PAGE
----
The mediaMin and mediaTest demo page gives example command lines for streaming media, transcoding, speech recognition, waveform file and USB audio processing, and more.

mediaMin is a production reference application, using a minimum set of APIs (create/delete session, push/pull packets), it can handle a wide range of RTP audio packet inputs. mediaTest targets test and measurement functionality and accepts USB and wav file audio input. Some things you can do with mediaMin and mediaTest demo command lines:

  • transcode between pcaps, for example EVS to AMR-WB, AMR-NB to G711, etc.
  • "AMR Player", play an AMR pcap (either AMR-WB or AMR-NB)
  • "EVS Player", play an EVS pcap
  • transcode multistream pcaps and merge all streams together into one output audio (for voice pcaps, this generates a "unified conversation")
  • Kaldi speech recognition on pcaps or audio files (ASR, 200k word vocabulary)
  • test codecs and compare output vs. 3GPP or ITU reference files 1
  • insert user-defined signal processing or inference into the real-time data flow
  • input and output .wav file and other audio format files
  • input and output USB audio
  • test and measure packet RFCs, jitter buffer, packet loss and other stats, and more

For both mediaMin and mediaTest, reference application C/C++ source code is included. The demos are based on deployed production code used in high capacity, real-time applications. Performance measurements can be made that are accurate and competitive with other commercially available software.

1 Includes non-3GPP and non-ITU codecs such as MELPe

iaTest Demo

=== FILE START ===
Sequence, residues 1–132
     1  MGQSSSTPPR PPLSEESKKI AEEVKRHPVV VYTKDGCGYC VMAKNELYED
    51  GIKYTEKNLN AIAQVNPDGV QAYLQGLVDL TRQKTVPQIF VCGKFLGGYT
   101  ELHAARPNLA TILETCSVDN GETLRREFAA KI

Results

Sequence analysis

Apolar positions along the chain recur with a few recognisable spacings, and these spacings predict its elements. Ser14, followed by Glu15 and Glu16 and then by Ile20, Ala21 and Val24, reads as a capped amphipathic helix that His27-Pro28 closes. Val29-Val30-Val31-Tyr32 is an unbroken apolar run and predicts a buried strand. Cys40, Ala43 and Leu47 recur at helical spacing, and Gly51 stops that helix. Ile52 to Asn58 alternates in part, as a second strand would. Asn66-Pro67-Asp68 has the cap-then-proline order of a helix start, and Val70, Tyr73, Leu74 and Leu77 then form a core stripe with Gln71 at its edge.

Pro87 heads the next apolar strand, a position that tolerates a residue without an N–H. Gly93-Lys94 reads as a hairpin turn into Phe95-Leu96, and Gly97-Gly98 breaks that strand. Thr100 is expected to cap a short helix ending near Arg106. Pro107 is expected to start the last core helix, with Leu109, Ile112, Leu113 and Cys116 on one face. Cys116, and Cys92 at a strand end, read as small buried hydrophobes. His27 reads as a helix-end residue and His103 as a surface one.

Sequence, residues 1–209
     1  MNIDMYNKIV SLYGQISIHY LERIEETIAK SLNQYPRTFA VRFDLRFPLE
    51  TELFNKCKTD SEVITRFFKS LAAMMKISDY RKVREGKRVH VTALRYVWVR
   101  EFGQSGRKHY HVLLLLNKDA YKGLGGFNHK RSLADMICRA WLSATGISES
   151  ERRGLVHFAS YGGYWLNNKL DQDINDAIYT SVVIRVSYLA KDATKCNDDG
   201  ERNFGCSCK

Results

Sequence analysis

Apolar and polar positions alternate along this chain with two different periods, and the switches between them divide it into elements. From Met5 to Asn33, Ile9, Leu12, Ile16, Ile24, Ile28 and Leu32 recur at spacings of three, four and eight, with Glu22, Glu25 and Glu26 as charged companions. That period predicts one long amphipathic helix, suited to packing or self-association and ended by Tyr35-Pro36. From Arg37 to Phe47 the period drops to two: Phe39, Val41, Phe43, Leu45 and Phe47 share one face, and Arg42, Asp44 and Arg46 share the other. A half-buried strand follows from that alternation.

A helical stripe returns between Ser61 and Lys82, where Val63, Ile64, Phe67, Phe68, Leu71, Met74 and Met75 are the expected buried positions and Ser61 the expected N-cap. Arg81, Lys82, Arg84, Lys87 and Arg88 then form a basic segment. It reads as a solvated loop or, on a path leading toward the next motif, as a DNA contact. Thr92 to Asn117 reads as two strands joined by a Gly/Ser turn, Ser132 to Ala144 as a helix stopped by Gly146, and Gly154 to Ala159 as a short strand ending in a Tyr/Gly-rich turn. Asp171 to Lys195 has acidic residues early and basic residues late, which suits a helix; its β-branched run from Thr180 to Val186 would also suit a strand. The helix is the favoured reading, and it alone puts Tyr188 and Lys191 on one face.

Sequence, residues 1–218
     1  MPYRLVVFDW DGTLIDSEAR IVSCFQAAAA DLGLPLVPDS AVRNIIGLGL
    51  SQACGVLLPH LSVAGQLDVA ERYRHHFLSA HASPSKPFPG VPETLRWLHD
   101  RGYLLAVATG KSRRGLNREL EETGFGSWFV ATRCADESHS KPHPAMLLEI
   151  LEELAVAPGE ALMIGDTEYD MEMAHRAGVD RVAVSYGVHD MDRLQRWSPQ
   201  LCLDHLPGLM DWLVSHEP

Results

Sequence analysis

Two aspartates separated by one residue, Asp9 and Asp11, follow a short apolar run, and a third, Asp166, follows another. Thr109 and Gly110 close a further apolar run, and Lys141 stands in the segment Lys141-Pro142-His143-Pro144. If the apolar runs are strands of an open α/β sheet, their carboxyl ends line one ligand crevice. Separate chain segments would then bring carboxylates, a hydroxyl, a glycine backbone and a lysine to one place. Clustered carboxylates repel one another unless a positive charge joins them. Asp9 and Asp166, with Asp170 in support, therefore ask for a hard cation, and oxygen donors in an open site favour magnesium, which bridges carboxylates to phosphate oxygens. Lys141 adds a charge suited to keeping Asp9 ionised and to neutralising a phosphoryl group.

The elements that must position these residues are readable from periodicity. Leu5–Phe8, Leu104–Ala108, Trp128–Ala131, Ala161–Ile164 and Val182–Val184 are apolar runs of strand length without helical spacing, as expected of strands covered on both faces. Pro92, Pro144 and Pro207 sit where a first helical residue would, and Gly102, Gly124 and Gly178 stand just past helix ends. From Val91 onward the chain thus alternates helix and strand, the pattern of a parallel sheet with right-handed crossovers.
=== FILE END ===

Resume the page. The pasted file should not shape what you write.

The iaTest demo page gives example command lines for image analytics and OpenCV testing. The iaTest demo performs image analytics operations vs. example surveillance video files and allows per-core performance measurement and comparison for x86 and coCPU cores. .yuv and .h264 file formats are supported. Application C/C++ source code is included.

paTest Demo

The paTest demo page gives example command lines for a predictive analytics application that applies algorithms and deep learning to continuous log data in order to predict failure anomalies. Application Java and C/C++ source code is included.

Documentation, Support, and Contact

SigSRF Software Documentation

SigSRF documentation, including Quick Start command line examples, High Capacity Operation, API Usage, and other sections is located at:

    SigSRF Documentation

coCPU Users Guide

The coCPU User Guide provides information about coCPU hardware and software installation, test and demo applications, build instructions, etc.

Technical Support / Questions

Limited tech support for the SigSRF SDK and coCPU option is available from Signalogic via e-mail and Skype. You can ask for group skype engineer support using Skype Id "signalogic underscore inc" (replace with _ and no spaces). For e-mail questions, send to "info at signalogic dot com".


Signalogic streaming resource functions (SRF) software description, reference apps, demos, source codes, and SDK for telecom media, lawful intercept, speech recognition, and HPC applications